Furthermore, the ureteral stenosis leads to high blood pressure, which in the worst case can lead to a heart attack. The person concerned can also die. The treatment of ureteral stenosis usually depends on the symptoms. In the case of infections, they are treated with antibiotics.

In many cases, however, surgical interventions are necessary to alleviate the symptoms. There are no particular complications. It may also be necessary to completely remove a kidney. It may also reduce the patient’s life expectancy.

When should you go to the doctor?

Since ureteral stenosis cannot heal itself, the affected person is dependent on medical examination and treatment. This is the only way to avoid further complaints, complications or a further deterioration of the symptoms. As soon as the first signs or symptoms of the disease appear, the affected person should contact a doctor.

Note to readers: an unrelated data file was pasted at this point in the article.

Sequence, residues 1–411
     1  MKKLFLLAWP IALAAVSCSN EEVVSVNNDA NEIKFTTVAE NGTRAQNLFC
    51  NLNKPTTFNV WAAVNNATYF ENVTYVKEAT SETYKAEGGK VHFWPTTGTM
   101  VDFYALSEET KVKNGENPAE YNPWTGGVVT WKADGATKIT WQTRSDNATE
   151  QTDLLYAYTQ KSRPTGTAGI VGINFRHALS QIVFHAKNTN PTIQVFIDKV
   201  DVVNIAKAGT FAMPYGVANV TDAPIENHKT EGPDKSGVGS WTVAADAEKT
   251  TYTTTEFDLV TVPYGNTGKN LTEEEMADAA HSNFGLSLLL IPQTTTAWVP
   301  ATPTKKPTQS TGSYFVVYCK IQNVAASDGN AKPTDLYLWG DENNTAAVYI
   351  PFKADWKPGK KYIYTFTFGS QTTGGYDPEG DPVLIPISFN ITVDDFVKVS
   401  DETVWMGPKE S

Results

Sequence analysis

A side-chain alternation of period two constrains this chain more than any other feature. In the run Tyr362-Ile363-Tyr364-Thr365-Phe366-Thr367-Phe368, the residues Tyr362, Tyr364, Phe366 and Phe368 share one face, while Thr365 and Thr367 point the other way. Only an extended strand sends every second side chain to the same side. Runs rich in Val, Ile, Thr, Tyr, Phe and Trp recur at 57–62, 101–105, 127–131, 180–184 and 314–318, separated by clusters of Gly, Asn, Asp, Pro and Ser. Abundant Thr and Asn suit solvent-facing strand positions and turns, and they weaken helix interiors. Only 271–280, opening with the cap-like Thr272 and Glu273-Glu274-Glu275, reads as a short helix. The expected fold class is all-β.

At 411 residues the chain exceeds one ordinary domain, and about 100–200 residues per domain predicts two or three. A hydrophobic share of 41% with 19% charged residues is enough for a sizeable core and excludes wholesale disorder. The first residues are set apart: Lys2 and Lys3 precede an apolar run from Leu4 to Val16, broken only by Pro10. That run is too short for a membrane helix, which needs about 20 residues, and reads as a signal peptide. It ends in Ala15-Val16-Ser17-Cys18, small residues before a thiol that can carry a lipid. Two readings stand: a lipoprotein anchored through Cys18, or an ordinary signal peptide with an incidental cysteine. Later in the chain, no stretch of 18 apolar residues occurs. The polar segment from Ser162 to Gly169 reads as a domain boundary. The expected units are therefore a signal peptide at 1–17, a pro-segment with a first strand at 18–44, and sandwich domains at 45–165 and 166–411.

In most cases, the ureteral stenosis is discovered by a routine ultrasound examination. In some cases, pain in the flanks can also indicate the disease. If this pain occurs over a longer period of time, a doctor should be contacted. High blood pressure, which occurs for no particular reason, or severe pain in the back and upper abdomen can also indicate this disease. If these symptoms do not go away on their own, a doctor should also be contacted.

In most cases, the ureteral stenosis can be diagnosed and treated by a urologist.

Treatment & Therapy

It is not always necessary to perform an operation in the case of a ureteral stenosis. However, if symptoms such as repeated infections appear, surgical intervention cannot be avoided. The same applies if the outflow of urine is less than 40 percent.